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Conversations with Mies van der Rohe

MoisĂŠs Puente, editor

8 Architecture and Technology 1950 Technology is rooted in the past. It dominates the present and tends into the future. It is a real historical movement— one of the great movements which shape and represent their epoch. It can be compared only with the Classic discovery of man as a person, the Roman will to power, and the religious movement of the Middle Ages. Technology is far more than a method, it is a world in itself. As a method it is superior in almost every respect. But only where it is left to itself as in the construction of machinery, or as in gigantic structures of engineering, there technology reveals its true nature. There it is evident that it is not only a useful means, that it is something, something in itself, something that has a meaning and a powerful form— so powerful in fact, that it is not easy to name it. Is that still technology or is it architecture? And that may be the reason why some people are convinced that architecture will be outmoded and replaced by technology.

9 Such a conviction is not based on clear thinking. The opposite happens. Wherever technology reaches its real fulfillment, it transcends into architecture. It is true that architecture depends on the facts, but its real field of activity is the realm of the significance. I hope you will understand that architecture has nothing to do with the inventions of forms. It is not a playground for children, young or old. Architecture is the real battleground of the spirit. Architecture wrote the history of the epochs and gave them their names. Architecture depends on its time. It is the crystallization of its inner structure, the slow unfolding of its form. That is the reason why technology and architecture are so closely related. Our real hope is that they grow together, that someday the one be the expression of the other. Only then will we have an architecture worthy of its name: Architecture as a true symbol of our time.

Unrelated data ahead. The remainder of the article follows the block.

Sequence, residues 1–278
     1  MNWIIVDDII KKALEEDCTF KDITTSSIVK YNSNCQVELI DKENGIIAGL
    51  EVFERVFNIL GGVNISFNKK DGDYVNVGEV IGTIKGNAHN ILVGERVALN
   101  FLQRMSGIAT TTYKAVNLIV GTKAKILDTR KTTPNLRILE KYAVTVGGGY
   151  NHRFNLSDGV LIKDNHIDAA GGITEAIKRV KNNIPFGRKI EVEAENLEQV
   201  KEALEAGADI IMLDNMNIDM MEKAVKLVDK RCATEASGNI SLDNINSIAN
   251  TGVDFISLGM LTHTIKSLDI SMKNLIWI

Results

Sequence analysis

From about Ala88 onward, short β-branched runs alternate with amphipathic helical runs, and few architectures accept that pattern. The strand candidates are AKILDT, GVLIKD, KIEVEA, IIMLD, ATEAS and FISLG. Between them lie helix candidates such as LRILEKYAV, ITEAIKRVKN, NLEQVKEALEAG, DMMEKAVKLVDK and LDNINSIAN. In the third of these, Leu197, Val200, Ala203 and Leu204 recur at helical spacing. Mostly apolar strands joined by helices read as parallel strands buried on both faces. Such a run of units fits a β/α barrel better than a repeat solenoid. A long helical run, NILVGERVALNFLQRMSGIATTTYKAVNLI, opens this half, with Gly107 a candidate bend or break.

Conversation One

860–880 Lake Shore Drive apartments (1948–51) and 900 Esplanade apartment, 1953–57, Chicago, Illinois © William S. Engdahl/Chicago Historical Society

13 What do you think about the technique of prefabrication? I do not think it is an advantage to build planned packaged houses. If you prefabricate a house completely, it becomes an unnecessary restriction. The value of prefabrication is in the units and it is much better to have single elements prefabricated and to concentrate on the development of these elements. Thus the architect can use them in a free way. Otherwise architecture will be terribly boring. In our last building on 860–880 Lake Shore Drive we had more than 3,000 individual windows but only two different window types. In 900 Esplanade we have, I would say, 10,000 windows all of the same type. That is enough prefabrication. But let me not be misunderstood. I think that an industrial process is not like a rubber stamp. Everything has to be put together and, as such, should have its own expression. But would it not be better to have a standard system of components conforming to a standard dimension? No. I do not think we need to give up our present freedom. Why should not each architect design his own standard? Otherwise you would have to tell everybody which standard they should use and that, I think, would be an impossible task. Some people, for instance, use 7-foot-high doors and have a plaster space over the top of the door. What I like to do is to make a door between floor and ceiling. So is my standard to be accepted or the other? I should mention here that we never use a ceiling that is lower than 8 feet. Ours are mostly 8.3 feet. Has the mixed development concept of your Lafayette Park project particular significance as a new design approach by you? We built the lower buildings for people who like to live on the ground. But others like to live up in the air. So here we built for Previous spread: Mies van der Rohe at the Arts Club, Chicago, 1952